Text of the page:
The Opportunity Cost of Following the Rules
It seems like site work has been started at 55 Wheeler St, which is set to become the largest residential building by units in Cambridge, MA when completed. This site is an exciting opportunity for housing, but as usual, the process has been needlessly timid and fraught with delay.
The Wheeler St. special permit approval happened in January of 2018 — which immediately triggered legal action to prevent the project, involving MassDEP and indicating the owner had failed to do appropriate due diligence related to the protected wetlands status on site.
The initial request for legal review was, to the best of my knowledge, rejected. Given that work is continuing in the area that was previously identified by the proponent as in question, it seems likely that their legal demands for tree protection were not met. While I’m no expert, to me this felt like a case of the issues discussed in Neighborhood Defenders — the use of dubious legal objections to slow down a project post-approval.
According to an earlier picture, breaking ground on construction here likely took place in February; presumably this was delayed bye several months due to COVID, since the difference in site pictures between February and September is pretty limited. Even so, this means that a project approved in January of 2018 was delayed approximately 2 years by an eventually fruitless legal claim. This slowdown alone likely cost the site owners an additional $1.2M in carrying costs — so new Cambridge residents will be spending an additional $1.2M in housing costs thanks to this delay.
But even before the lawsuit, Cambridge’s zoning created a set of rules that drastically limited the amount of housing that would be appropriate for a site of this size — more than 5 acres, only 1000 feet from Alewife as the crow flies! (Admittedly, significantly longer walk, due to the lack of a sensible pedestrian bridge, more than 40 years after the need was identified.)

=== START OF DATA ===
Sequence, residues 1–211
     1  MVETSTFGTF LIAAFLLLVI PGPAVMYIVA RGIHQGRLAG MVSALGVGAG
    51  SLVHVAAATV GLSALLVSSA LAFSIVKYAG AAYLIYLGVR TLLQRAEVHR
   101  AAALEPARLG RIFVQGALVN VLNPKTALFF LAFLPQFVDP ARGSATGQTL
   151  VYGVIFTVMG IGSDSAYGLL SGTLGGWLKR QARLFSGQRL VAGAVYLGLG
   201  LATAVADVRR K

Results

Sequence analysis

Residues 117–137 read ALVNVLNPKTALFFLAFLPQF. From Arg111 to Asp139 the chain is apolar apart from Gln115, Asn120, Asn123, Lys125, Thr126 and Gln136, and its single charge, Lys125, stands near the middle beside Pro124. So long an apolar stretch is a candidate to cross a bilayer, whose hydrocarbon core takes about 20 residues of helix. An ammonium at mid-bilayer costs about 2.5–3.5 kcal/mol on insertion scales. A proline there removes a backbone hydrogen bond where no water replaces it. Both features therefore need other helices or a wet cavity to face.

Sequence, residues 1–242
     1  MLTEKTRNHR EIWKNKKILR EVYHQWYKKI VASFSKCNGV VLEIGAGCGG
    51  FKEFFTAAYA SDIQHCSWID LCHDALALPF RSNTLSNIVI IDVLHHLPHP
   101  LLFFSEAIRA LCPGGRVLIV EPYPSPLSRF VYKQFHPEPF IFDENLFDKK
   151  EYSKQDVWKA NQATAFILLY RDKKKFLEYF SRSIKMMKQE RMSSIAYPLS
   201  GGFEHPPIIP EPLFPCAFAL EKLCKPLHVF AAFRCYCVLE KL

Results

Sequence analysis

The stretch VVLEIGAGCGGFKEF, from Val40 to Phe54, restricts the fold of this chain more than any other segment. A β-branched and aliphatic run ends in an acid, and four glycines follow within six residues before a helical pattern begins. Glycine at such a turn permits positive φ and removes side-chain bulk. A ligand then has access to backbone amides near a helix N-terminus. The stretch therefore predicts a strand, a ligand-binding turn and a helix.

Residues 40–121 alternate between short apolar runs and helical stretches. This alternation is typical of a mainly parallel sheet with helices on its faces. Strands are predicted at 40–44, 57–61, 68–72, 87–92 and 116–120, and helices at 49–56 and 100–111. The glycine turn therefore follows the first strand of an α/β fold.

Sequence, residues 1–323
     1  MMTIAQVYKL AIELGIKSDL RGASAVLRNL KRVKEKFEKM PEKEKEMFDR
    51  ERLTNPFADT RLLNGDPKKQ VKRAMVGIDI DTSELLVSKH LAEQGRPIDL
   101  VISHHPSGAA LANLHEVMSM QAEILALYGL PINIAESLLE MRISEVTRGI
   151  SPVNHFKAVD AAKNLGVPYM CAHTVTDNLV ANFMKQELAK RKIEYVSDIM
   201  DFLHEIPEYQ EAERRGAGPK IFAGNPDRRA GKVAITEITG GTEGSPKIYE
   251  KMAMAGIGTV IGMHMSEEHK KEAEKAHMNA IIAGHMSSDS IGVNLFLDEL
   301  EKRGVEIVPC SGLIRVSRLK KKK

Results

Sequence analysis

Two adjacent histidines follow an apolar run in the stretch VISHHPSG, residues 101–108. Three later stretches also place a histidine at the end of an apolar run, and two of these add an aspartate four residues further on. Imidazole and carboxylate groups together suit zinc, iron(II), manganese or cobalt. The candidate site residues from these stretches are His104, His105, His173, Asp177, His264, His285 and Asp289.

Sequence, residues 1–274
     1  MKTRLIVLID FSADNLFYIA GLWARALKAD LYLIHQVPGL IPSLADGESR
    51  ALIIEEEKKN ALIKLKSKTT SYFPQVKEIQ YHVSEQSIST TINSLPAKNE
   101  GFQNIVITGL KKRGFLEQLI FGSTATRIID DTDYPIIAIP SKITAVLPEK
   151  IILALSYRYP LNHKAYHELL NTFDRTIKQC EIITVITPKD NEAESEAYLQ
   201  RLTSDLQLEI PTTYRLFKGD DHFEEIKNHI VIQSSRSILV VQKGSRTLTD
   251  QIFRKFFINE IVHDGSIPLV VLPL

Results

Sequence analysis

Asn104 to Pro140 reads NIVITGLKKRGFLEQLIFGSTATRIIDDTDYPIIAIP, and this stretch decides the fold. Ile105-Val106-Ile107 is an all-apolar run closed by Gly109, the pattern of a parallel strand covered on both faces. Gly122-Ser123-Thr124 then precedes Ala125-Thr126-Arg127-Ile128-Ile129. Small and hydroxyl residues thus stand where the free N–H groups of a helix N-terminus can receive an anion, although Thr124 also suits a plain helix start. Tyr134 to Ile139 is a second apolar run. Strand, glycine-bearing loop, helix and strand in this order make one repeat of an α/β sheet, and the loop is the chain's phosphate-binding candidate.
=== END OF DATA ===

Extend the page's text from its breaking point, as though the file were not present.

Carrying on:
As is often the case, 55 Wheeler St. sought to request as few special permit conditions as possible. In this case, the building has the maximum number of units allowed on this lot by zoning. (See “Base Lot Area/Unit” at exactly the required minimum.)
What can we take away from this? Had this project not had a requirement for 600 square feet of space on the ground for each residential unit, the project would include more homes. The only thing that stopped them was attempting to follow the city’s guidelines for buildings. The city’s specifications say that no more than 72 units/acre should be allowed in Cambridge, despite significantly higher densities on many sites close to transit locations already existing.
This site will include 110 inclusionary “affordable” units, available to moderate income households (50%-80% of AMI). Had the arbitrary selection of 600 square feet been 500 square feet instead, we would likely have an extra 22 homes to offer to lower-income families — with very little change or impact to the community.
I sometimes feel like there is a perception in the community that because there is a special permit or BZA approval, developers push every lever they can to create the most building they can, but this is demonstrably not true. Again and again we see projects that are timid: they push as little as possible, following the rules of current zoning as closely as possible. What this means is that, as residents, we have direct control over how many homes are created in our community via new development — and we have chosen to keep that number smaller than it would be otherwise.
This is just another demonstration of that: The largest residential development in Cambridge — and the only new large-scale development proposed outside of a PUD since the introduction of a 20% inclusionary zoning requirement was introduced— built exactly as many units as the City wanted, as described by our zoning code.
These numbers of units per acre are not data driven; they are arbitrary. To the best of my understanding, they were created in part with the idea of setting a standard that could be broken with permission — but that’s not what happens. Instead, we see developers following the letter of the law as closely as possible.
In a city like Cambridge, where our rules are all designed to create housing that is unlike what we have today, these rules lose us opportunity. These rules are too timid; and we’ve made builders completely afraid to bend the rules, much less break them.
It’s time for new rules.